Shearer WT, DeVille JG, Samson PM, Moye JH Jr, Fletcher CV, Church JA, Spiegel HM, Palumbo P, Fenton T, Smith ME, Graham B, Kraimer JM, Olson WC. Susceptibility of pediatric HIV-1 isolates to recombinant CD4-IgG2 (PRO 542) and humanized mAb to the chemokine receptor CCR5 (PRO 140). J Allergy Clin Immunol. 2006 Aug;118(2):518-21. Epub 2006 May 19.
Pacheco SE, McIntosh K, Lu M, Mofenson LM, Diaz C, Foca M, Frederick M, Handelsman E, Hayani K, Shearer WT; Women and Infants Transmission Study. Effect of perinatal antiretroviral drug exposure on hematologic values in HIV-uninfected children: An analysis of the women and infants transmission study. J Infect Dis. 2006 Oct 15;194(8):1089-97. Epub 2006 Sep 11.
Williamson MP, McCormick TG, Nance CL, Shearer WT. Epigallocatechin gallate, the main polyphenol in green tea, binds to the T-cell receptor, CD4: Potential for HIV-1 therapy. J Allergy Clin Immunol. 2006 Dec;118(6):1369-74. Epub 2006 Oct 13.
HIV Paediatric Prognostic Markers Collaborative Study. Predictive value of absolute CD4 cell count for disease progression in untreated HIV-1-infected children. AIDS. 2006 Jun 12;20(9):1289-94.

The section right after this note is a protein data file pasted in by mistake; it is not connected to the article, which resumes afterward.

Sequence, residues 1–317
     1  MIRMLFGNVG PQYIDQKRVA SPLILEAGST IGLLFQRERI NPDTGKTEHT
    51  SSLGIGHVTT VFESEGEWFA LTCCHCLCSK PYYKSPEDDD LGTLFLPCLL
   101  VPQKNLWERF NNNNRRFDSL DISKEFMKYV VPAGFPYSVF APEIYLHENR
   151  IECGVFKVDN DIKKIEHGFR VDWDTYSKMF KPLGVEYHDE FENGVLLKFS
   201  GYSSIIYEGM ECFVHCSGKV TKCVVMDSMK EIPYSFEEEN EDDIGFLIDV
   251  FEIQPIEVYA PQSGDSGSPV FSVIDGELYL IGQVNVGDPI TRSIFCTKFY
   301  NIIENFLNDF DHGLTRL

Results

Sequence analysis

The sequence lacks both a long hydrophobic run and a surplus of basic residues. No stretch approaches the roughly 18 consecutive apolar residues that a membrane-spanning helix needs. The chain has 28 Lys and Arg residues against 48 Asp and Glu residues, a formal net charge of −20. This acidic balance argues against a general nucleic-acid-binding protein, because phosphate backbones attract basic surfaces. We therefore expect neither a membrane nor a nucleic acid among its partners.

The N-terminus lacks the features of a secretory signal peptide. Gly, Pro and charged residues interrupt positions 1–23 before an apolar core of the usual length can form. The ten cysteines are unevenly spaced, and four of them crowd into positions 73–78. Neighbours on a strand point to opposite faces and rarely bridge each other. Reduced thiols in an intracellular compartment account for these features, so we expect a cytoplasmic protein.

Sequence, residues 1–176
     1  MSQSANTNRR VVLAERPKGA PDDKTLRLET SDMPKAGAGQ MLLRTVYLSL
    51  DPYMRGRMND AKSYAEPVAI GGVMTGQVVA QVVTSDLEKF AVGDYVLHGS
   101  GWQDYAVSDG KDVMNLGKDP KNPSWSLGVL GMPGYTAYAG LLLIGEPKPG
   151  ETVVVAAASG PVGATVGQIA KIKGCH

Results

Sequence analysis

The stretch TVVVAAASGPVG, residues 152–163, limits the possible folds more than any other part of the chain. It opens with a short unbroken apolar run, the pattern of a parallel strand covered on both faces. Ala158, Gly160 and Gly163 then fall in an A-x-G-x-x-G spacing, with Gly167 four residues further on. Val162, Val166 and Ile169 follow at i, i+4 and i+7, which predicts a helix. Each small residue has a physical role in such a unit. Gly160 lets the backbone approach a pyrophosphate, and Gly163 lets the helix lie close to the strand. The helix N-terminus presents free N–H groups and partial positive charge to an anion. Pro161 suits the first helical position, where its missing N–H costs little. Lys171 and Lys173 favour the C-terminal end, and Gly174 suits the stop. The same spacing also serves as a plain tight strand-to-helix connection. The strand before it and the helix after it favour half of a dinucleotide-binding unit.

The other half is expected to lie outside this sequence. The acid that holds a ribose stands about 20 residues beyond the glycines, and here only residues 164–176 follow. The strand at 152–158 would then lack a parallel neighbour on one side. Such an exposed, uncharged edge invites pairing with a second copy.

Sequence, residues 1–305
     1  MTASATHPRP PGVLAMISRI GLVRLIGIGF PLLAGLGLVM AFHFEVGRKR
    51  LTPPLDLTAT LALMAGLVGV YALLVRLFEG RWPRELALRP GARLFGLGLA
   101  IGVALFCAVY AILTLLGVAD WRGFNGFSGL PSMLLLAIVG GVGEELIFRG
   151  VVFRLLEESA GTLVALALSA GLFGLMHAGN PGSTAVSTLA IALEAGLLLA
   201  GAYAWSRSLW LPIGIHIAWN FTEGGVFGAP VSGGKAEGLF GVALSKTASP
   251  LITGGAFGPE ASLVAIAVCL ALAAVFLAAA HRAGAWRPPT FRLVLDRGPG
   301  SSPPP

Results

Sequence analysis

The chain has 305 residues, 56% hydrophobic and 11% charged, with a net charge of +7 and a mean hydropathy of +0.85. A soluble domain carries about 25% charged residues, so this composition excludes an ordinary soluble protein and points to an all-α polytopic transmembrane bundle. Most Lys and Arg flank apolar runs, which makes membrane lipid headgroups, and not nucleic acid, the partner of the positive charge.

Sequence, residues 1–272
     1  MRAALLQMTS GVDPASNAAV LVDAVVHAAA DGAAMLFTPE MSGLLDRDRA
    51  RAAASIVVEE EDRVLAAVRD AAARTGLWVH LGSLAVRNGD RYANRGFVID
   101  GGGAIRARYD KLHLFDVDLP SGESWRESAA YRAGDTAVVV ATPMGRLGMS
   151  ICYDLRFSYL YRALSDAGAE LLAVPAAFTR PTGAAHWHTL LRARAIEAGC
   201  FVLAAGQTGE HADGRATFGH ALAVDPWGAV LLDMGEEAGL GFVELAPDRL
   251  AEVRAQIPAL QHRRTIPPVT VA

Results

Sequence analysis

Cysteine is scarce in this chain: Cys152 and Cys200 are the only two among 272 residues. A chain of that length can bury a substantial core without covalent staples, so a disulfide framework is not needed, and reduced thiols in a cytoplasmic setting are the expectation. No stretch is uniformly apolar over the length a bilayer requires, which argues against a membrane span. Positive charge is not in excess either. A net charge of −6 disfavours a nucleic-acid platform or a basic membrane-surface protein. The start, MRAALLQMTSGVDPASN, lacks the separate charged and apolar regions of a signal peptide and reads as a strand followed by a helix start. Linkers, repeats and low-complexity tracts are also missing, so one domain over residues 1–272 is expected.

Fletcher CV, DeVille JG, Samson PM, Moye JH Jr, Church JA, Spiegel HM, Palumbo P, Fenton T, Smith ME, Graham B, Kraimer JM, Shearer WT; Pediatric AIDS Clinical Trials Group, Protocol 351 Study Group. Nonlinear pharmacokinetics of high-dose recombinant fusion protein CD4-IgG2 (PRO 542) observed in HIV-1-infected children. J Allergy Clin Immunol. 2007 Mar;119(3):747-50.

Responsible Party: William Shearer, Professor, Baylor College of Medicine
ClinicalTrials.gov Identifier: NCT00253695     History of Changes
Other Study ID Numbers: 1317
R01HL079533 ( U.S. NIH Grant/Contract )
First Submitted: November 10, 2005
First Posted: November 15, 2005
Last Update Posted: March 28, 2013
Last Verified: March 2013

Additional relevant MeSH terms:
HIV Infections
Lentivirus Infections
Retroviridae Infections
RNA Virus Infections
Virus Diseases
Sexually Transmitted Diseases, Viral
Sexually Transmitted Diseases
Immunologic Deficiency Syndromes
Immune System Diseases

To Top